The Met Fifth Avenue is the host of two landmark exhibitions opening this month, Pergamon and the Hellenistic Kingdoms of the Ancient World and Court and Cosmos: The Great Age of the Seljuqs. These two exhibitions—each a first in the United States in regard to historical period, theme, and objects displayed—open not only under the same roof, but also next door to each other, with the Pergamon exhibition now open in gallery 899, and Court and Cosmos opening on April 27 in gallery 999. This spatial arrangement of the two exhibitions presents visitors with an opportunity to encounter the artistic splendor of both realms: those who ruled after the death of Alexander the Great in the ancient city of Pergamon (now Bergama, in present-day Turkey); and the Seljuqs, who centuries later came to reign over territories once conquered by the Macedonian hero himself—a leader they venerated as an exemplar.
The Seljuqs, whose name derives from their eponymous founder, Seljuq, were a nomadic Turkic tribe that sprang out of the Eurasian Steppe to form numerous powerful dynasties. Although we can confirm little about the life of this dynastic founder, we know for certain that, at their peak, the Great Seljuqs and their successor dynasties (the Rum Seljuqs, the Artuqids, and the Zangids), though divided over roughly three centuries of political, military, and cultural dominance between 1038 and 1307, spanned the whole of West Asia—from the eastern reaches of today's Central Asian republics, across Iran, Iraq, and Syria, to Eastern Anatolia in Turkey.
In their geographic scale, the Great Seljuqs and their successors, particularly the Rum Seljuqs in Anatolia (ca. 1081–1307), rivaled some of history's great imperial dynasties, such as the Byzantines, whom they defeated. The feathered headdress, rich vestment, and arms in the image of the standing figure above (left), who may have been a guard, a vizier, or a sovereign's courtier, conveys awareness of this grand rulership and authority. Scholars believe that this standing figure was part of a wall decoration scheme used in Seljuq palace reception areas, and indeed, it will be among the first objects to receive viewers as they enter the exhibition hall.
Seljuq history and its material culture are immensely rich due in part to their intricately layered cultural memory, which integrates and reworks many antique constructions of the past. The exhibition highlights how interest in Greek literature, medicine, and science was at the heart of court interests, as shown in the series of letters written by Aristotle to his pupil Alexander the Great that make up the manuscript Sirr al-Asrar (Secret of Secrets), on loan to The Met from the University of Pennsylvania. The manuscript, attributed to "the noble king Arslan Shah bin Mas'ud bin Mawdud," as it reads in the frontispiece (above right), was presumably translated from Greek into Arabic. In it, Aristotle advises Alexander on how best to govern and lead.
First translated in ninth-century Baghdad, the Greek physician Dioscorides's De Materia Medica, written in the first century B.C., was widespread not only in the Seljuq regions but in medieval Islamic intellectual realms. In Court and Cosmos, visitors will encounter a physician making medicine from a mixture of honey and water to cure physical weakness and poor appetite (above left). In the exhibition, he is paired with another doctor, visiting us from the Walters Art Museum, who prepares a medicinal cure for digestive problems.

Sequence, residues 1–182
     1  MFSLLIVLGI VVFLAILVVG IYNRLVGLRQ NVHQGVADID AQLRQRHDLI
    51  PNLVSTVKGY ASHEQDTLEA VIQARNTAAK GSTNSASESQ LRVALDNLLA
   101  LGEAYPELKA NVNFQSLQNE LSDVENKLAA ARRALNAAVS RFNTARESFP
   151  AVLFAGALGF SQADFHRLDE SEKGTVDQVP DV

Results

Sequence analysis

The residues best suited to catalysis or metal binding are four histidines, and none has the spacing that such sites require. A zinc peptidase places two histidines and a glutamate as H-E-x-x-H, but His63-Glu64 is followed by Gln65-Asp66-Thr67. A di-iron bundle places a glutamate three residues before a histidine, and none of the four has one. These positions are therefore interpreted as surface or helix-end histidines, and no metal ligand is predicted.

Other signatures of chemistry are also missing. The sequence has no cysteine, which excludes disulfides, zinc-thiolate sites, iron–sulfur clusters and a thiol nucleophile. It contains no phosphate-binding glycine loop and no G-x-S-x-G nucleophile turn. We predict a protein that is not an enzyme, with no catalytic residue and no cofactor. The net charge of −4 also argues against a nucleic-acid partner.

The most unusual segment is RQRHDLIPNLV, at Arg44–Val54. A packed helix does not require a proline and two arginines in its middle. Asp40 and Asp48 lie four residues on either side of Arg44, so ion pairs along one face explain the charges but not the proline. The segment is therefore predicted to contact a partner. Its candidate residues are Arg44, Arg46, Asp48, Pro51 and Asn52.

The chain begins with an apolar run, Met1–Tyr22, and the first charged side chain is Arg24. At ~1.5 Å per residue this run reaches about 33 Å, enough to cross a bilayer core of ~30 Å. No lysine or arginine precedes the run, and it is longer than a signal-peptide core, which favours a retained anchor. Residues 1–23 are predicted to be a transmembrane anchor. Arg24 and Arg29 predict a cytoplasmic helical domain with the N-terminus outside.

Interest in medicine was parallel to that of astronomy and technology during the Seljuq Period. On display will be a folio showing a design for a water clock of the peacocks (above right) from the well-known treatise by Al-Jazari, who served in the Artuqid court in Diyar Bakr, on practical and mechanical devises, Kitab fi Ma'rifat al-Hiyal al-Handasiyya (Book of the Knowledge of Ingenious Mechanical Devices). The Al Sabah Collection, Dar al-Athar al-Islamiyya Kuwait, is sending our way a second folio with a design for the Automata of the Slave Girl Serving a Glass of Wine, which shouldn't be missed!
As a curatorial fellow who was fortunate enough to participate in the Department of Islamic Art's planning of this exhibition, what piqued my curiosity most was not how Seljuq sultans adopted the names of ancient Iranian kings to show their desire to connect to ancient Iranian history in addition to their interest in Greco-Roman and Byzantine heritage, but rather the appearance—characteristic of the period—of anthropomorphic inscriptions on metalwork, as in the ewer above. Objects such as this, which featured benedictory inscriptions and sometimes poetry, circulated widely throughout Seljuq domains.
These inscriptions are often accompanied by courtly scenes, animals such as lions and dragons, as well as astrological and zodiac imagery. The human-headed letters unify image and script (above right, detail view), giving the illusion that the object is speaking to the beholder. Through experiences with objects like this Khursani ewer, I came to see how in The Great Age of the Seljuqs, Court and Cosmos often converged as one.
I encourage you to embark on your own Seljuq adventure, and to experience it by way of the Pergamon!
Pergamon and the Hellenistic Kingdoms of the Ancient World, on view April 18–July 17, 2016
Court and Cosmos: The Great Age of the Seljuqs, on view April 27–July 24, 2016